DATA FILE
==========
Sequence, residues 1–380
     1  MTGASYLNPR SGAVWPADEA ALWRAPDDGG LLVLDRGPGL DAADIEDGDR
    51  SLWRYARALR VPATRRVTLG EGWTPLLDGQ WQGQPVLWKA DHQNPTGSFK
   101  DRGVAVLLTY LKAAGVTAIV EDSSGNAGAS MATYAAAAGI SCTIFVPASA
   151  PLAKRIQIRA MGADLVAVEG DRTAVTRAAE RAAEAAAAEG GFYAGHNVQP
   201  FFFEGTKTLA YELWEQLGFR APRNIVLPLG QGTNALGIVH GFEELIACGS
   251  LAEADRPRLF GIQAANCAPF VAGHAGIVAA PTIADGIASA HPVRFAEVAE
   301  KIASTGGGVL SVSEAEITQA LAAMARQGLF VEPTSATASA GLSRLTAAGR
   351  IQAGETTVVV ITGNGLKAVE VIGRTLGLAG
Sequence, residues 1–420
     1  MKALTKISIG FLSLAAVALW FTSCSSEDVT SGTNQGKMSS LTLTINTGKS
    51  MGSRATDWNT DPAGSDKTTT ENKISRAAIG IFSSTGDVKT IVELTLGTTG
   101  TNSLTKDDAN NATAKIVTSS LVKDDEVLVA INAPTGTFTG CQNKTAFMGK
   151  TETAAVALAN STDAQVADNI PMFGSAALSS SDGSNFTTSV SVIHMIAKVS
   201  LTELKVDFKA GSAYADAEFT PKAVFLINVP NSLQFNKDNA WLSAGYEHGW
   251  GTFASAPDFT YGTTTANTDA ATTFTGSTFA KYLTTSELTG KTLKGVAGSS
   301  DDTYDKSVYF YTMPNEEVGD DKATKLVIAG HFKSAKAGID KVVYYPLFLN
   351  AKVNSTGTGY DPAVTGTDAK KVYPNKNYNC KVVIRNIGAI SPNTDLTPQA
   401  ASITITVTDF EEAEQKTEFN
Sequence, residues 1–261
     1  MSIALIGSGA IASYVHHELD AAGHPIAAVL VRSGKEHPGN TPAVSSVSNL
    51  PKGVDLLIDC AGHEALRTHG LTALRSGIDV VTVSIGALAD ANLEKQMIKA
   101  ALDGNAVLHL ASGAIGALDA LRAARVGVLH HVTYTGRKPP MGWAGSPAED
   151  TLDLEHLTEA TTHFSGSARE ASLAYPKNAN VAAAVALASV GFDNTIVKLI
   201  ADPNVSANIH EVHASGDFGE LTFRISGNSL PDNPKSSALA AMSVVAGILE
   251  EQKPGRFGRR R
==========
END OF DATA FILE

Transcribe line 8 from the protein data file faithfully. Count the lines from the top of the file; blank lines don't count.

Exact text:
   301  KIASTGGGVL SVSEAEITQA LAAMARQGLF VEPTSATASA GLSRLTAAGR